Review: CAPTAIN AMERICA: CIVIL WAR, A Snappy, Witty Beatdown
When it comes to the major comic book tentpoles that are being shuffled out with increasing regularity, some viewers have grown a little tired of the city-destroying carnage that has marked many of their climaxes. Marvel, one of the biggest perpetrators of this phenomenon, seems to have listened, as their latest summer romp, Captain America: Civil War, relies more on grounded action set-pieces and character moments than CGI overkill.
Civil War follows a popular run of Marvel comics that sees Captain America and Iron Man take different sides when the world's governments demand that the Avengers become accountable for the excessive collateral damage of their missions. Citizens of the world have become sick of the destruction and, as the US Secretary of State (William Hurt) forces the team to look back over their past mayhem in a board meeting, this may be a tacit acknowledgment on the part of the filmmakers that the world's theater-goers have also grown tired of it.
The finale of Avengers: Age of Ultron, which saw the city of Sokovia lifted from the ground before later being cast down and destroyed, has left a big impression on the MCU's Earth, and prompts the philosophical debate of whether 'enhanced' humans should be allowed to run amok without supervision. Iron Man, War Machine, The Vision and Black Widow agree to sign the Sokovia Treaty in Vienna, while Captain America, with Falcon, and eventually Scarlet Witch and Hawkeye in tow, refuse to. Trouble erupts when someone looking like Bucky Barnes (the Winter Soldier) blows up the conference and puts our heroes at odds. Cap goes after his friend Bucky and the rift within the Avengers begins.
Civil War features a new villain, a mysterious operative played by Daniel Bruhl, but unlike the big baddies of prior MCU films, the real focus of the story remains within the group of crime-fighting superheroes. Following the split, the filmmakers add new characters (Black Panther, Spider-man) or add some from smaller Marvel films (Ant-Man) to effectively give us two groups of Avengers. Rather than fighting bad guys, most of their energy is spent going up against one another. And make no mistake, with a combination of clever choreography and infectious one-liners (especially for Paul Rudd's Ant-Man and new websinger Tom Holland), these are among the very best sequences Marvel has put forward to date. Among the new characters, Chadwick Boseman is fine, if very stoic, as the Black Panther, while Holland is a terrific new Spiderman. Hyperactive, chatty and impressionable, he's a particularly great foil for Iron Man.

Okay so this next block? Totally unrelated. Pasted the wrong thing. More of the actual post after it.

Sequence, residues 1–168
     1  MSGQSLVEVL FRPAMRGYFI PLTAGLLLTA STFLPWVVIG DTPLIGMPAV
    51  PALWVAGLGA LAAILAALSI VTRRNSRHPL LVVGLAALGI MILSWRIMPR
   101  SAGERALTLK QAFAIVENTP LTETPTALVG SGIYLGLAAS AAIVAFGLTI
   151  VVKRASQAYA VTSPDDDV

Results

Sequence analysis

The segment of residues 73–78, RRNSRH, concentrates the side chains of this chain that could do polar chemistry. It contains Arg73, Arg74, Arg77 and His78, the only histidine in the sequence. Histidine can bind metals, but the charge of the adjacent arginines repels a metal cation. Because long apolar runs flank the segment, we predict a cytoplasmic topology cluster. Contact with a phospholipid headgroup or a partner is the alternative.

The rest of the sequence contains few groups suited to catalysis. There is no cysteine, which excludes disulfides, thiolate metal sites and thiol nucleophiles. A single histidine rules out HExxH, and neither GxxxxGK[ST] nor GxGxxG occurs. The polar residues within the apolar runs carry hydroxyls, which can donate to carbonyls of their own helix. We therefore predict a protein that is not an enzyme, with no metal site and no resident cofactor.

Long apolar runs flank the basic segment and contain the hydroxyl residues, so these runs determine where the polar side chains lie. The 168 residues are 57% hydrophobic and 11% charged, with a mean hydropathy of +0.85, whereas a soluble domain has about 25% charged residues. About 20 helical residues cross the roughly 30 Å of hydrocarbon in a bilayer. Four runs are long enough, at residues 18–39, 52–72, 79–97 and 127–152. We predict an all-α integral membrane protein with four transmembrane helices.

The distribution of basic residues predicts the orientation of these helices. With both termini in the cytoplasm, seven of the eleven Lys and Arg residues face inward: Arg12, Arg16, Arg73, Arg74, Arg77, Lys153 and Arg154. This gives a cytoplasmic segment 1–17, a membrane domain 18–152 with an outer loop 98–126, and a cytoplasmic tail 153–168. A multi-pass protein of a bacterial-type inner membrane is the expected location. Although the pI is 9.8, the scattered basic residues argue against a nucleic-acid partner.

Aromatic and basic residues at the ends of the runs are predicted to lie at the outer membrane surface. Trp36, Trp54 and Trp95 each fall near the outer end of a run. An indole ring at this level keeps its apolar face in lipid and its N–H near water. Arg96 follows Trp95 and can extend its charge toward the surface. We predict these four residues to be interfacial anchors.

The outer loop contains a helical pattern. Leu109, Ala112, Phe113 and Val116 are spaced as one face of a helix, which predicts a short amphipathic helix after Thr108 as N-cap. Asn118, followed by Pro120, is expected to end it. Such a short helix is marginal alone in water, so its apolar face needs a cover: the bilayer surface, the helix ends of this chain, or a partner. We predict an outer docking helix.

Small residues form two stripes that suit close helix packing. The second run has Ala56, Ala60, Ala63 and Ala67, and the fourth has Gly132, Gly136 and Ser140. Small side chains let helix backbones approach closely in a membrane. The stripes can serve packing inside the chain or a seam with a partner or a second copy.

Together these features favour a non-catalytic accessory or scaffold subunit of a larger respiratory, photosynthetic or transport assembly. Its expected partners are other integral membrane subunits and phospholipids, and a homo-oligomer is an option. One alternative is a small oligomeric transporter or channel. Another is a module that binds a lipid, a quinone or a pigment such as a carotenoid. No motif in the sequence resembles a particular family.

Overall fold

This of course is exactly what makes the Marvel films as a whole so appealing. Beyond whatever story each new instalment brings, it's the characters we keep coming back for more and Civil War gives everyone a worthy storyline, avoiding the weaker plots seen last year in Avengers: Age of Ultron.
Given the other major comic book blockbuster that has already sounded off this year, this film could easily be called 'Captain America Vs Iron Man', as the central moral conflict is more or less the same. While I didn't hate Batman Vs Superman, Marvel takes a significantly better stab at the quandaries opened up by the ideological schism.
With its colorful characters, snappy script and a reliance on (relatively) restrained and resourceful set pieces, Captain America: Civil War is a fine start to Marvel's Phase 3 and hopefully a hallmark of great things to come. It's also one of the very best Marvel films out there, and a worthy successor to Captain America: Winter Solider. That said, with its many moving parts and desire to please as wide a global audience as possible, the film at times takes on too much, which leads to a 147-minute running time that mostly zips by, but occasionally stalls. Also, given the internal emotional focus of much of the narrative, and its relative lack of a significant threat, when the Avengers: Infinity War films come along, with their space-trotting and significantly higher stakes, it remains to be seen whether this will usher in a new direction, or if it will be business as usual for the comic book studio.
Captain America: Civil War
- Anthony Russo
- Joe Russo
- Christopher Markus (screenplay)
- Stephen McFeely (screenplay)
- Joe Simon (based on the Marvel comics by)
- Jack Kirby (based on the Marvel comics by)
- Chris Evans
- Robert Downey Jr.
- Scarlett Johansson
- Sebastian Stan